RIENZIDo they need to be forced by the government to be part of it? And, secondly, I just say, judging from the reaction, it's not at all simply a religious right issue. Both that email that Diane read a few minutes ago from a longtime Democratic voter, a lot of outrage from the religious left and previous Obama supporters -- and The Washington Post editorial page, of all places -- saying that the Obama administration's treatment of religion here is wrong.
REHMHere's another email from Jim, who writes on our website. "The outrage over the new health insurance mandate doesn't make a lot of sense. Church-affiliated employers are not doling out contraceptives. They are providing employees with health insurance coverage, which is a part of the employees' compensation. When the church begins teaching Catholics that they must reject any employer plan that includes coverage for contraceptives, then their outrage might begin to make sense." Mark.
RIENZIWell, that's that emailer's view, and I'd say the emailer is entitled to that view. But these churches, their view is that being forced to pay for the insurance that provides the contraception or the abortion is being forced to participate. That's their religious view. And in a diverse society, people are entitled to their different religious views. And so the emailer can have his or hers, and the churches are allowed to have theirs. And the law says the government has to respect both.
REHMMark Rienzi. He is with the Becket Fund for Religious Liberty and Catholic University of America. And you're listening to "The Diane Rehm Show." Judy Waxman, I know you wanted to add something.
WAXMANWell, first of all, I don't want to get into a debate about when life begins, but this issue is not about abortion. It is about contraception. I'm going to leave it at that. The other thing is I want to go back to the women because this is discrimination against women of all faiths. To say to them, I am not going to do this for you because I don't believe in it is coercive, and it is an issue that is going to affect their health and the health of their families.
WAXMANAnd I'm finding in this discussion the women, the over a million women that would be affected by this, plus possibly dependents, would be left out of this and have a difficulty, potentially, in finding or getting affordable preventive health services, which is in the same category as mammograms, blood pressure testing and immunizations.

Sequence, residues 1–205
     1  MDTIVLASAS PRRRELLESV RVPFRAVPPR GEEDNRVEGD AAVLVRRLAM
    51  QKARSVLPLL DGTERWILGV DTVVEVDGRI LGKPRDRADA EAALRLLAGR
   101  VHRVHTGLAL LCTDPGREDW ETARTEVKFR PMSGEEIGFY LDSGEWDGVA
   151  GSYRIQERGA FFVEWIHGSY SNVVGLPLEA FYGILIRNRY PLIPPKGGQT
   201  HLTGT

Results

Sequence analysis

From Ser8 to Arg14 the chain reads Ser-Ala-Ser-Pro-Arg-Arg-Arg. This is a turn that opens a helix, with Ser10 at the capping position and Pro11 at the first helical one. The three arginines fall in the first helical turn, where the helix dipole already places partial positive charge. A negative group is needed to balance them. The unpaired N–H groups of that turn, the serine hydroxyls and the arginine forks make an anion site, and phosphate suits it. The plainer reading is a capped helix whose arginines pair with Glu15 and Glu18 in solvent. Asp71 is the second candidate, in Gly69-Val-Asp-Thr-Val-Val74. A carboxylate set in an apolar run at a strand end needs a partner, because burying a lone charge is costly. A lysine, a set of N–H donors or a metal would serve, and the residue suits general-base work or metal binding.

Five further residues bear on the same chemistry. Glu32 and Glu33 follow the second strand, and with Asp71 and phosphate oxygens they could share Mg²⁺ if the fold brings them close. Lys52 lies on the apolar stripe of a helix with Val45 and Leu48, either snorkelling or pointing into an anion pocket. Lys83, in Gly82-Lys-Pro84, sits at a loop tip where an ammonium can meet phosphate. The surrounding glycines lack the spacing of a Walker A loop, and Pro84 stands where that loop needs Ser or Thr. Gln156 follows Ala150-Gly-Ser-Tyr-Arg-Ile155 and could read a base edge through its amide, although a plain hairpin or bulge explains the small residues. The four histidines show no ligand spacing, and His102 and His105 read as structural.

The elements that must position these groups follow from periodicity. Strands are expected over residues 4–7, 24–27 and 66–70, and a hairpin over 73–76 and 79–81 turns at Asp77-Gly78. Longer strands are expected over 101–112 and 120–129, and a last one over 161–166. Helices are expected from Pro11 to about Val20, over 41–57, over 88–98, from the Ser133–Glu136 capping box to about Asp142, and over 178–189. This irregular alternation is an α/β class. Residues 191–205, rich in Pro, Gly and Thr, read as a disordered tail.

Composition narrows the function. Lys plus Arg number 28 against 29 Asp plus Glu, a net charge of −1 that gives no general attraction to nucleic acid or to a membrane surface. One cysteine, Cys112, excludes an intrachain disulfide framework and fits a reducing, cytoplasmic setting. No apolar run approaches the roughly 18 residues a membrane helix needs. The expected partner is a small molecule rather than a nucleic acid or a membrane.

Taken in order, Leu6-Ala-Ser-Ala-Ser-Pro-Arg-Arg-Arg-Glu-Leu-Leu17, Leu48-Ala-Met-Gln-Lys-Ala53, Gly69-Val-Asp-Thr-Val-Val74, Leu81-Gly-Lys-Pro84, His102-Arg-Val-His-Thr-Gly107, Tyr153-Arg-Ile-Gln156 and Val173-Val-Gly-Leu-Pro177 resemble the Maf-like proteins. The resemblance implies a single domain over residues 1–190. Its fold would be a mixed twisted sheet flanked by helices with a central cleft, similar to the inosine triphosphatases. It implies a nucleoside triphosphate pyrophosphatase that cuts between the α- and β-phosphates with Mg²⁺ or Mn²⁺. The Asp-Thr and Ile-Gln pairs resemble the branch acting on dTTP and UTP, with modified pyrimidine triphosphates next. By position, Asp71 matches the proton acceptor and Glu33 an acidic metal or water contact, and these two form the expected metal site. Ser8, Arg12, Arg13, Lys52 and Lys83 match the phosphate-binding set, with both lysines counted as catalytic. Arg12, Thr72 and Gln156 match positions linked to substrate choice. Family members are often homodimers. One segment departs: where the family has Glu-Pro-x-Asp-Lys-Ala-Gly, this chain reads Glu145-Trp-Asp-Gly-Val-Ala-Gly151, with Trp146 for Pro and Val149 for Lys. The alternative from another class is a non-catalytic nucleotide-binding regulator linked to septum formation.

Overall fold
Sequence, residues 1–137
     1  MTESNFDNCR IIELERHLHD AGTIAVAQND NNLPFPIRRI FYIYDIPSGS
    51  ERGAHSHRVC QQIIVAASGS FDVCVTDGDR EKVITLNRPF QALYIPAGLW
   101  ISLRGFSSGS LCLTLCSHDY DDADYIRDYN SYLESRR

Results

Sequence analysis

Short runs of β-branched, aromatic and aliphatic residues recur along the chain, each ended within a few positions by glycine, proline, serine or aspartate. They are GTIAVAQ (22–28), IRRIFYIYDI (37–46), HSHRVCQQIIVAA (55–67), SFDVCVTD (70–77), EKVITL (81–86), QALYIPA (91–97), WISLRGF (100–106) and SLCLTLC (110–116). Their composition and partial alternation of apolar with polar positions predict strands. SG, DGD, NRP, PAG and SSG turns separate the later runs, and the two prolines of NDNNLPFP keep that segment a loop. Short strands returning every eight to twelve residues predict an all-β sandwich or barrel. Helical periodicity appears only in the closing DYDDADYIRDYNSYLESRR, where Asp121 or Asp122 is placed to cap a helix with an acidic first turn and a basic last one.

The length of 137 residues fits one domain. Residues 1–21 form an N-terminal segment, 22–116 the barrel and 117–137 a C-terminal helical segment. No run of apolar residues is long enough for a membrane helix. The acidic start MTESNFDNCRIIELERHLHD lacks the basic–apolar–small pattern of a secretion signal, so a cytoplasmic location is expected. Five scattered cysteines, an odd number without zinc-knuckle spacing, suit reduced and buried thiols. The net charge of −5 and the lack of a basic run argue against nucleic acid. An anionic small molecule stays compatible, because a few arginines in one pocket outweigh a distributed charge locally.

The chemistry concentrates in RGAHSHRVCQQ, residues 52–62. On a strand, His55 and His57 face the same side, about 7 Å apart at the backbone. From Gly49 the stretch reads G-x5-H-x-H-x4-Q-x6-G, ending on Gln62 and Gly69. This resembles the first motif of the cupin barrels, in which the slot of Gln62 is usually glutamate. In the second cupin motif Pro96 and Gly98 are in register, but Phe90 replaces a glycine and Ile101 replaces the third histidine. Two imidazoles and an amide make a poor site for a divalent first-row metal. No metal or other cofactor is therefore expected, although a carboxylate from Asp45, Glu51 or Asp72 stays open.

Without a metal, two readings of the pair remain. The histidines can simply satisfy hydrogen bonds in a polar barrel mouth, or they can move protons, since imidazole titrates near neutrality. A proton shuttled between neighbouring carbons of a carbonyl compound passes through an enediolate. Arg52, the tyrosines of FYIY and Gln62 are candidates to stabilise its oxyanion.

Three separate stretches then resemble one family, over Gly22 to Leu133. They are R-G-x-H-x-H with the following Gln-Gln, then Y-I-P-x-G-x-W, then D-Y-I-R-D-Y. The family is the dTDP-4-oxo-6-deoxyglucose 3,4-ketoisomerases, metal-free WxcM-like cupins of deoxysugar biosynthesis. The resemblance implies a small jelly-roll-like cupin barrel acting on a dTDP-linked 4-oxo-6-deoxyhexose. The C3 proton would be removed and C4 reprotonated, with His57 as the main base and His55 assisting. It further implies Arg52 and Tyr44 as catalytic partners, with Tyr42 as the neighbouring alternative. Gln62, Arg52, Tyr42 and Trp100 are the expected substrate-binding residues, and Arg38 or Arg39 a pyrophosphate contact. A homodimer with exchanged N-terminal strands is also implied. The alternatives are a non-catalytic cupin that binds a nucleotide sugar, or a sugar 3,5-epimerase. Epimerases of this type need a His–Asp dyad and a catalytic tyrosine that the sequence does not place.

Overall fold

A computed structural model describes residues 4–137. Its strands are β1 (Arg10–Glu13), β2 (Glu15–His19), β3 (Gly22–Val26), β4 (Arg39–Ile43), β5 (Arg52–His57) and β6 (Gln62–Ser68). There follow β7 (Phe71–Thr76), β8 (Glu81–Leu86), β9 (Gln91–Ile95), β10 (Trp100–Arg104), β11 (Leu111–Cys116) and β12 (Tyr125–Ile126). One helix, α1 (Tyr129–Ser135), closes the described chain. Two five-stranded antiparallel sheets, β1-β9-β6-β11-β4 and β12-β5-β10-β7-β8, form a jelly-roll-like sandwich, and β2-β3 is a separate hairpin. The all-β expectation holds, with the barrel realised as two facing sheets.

REHMOf course, the other question here raised by the Guttmacher Institute is that about half of all pregnancies here in the U.S. each year are unintended, so one wonders whether access to better birth control couldn't help reduce the number of abortions. Mark.
RIENZIWell, the Guttmacher Institute also says that more than 90 percent of private employer plans already cover contraceptives. And as Judy pointed out earlier, her stat was 98 percent of women already use them. So it seems highly unlikely to me that the issue is employer coverage of those drugs. There are plenty of employers who cover them.
REHMSo you don't have any problem with women who are refused by institutions going elsewhere for coverage of their birth control.
RIENZILook, the monks at Belmont Abbey College would encourage people not to do that, but they understand that they are free people. So there is no -- we keep hearing the words coerced and imposed. There is no imposing or coercion going on by someone simply saying, hey, I can't pay for that. The imposition and the coercion going on is when the federal government threatens someone with three or $400,000 in annual fines if they won't share the government's preferred view of contraception and abortion.
RIENZIAnd although we won't get into the debate about when life begins, I would simply say that's something which different people have different views. And there are plenty of people of good faith who believe that human life begins at conception and therefore that some of these drugs do cause abortions. It's a point for debate, but people are entitled to different opinions.
ROVNERI just -- I don't want to -- left the idea that everybody has complete access to contraception. There are 50 million people who don't have insurance. That's why the law passed that has this debate going now. There are lots of people who don't have insurance, and those people obviously don't have access to pay for contraceptives.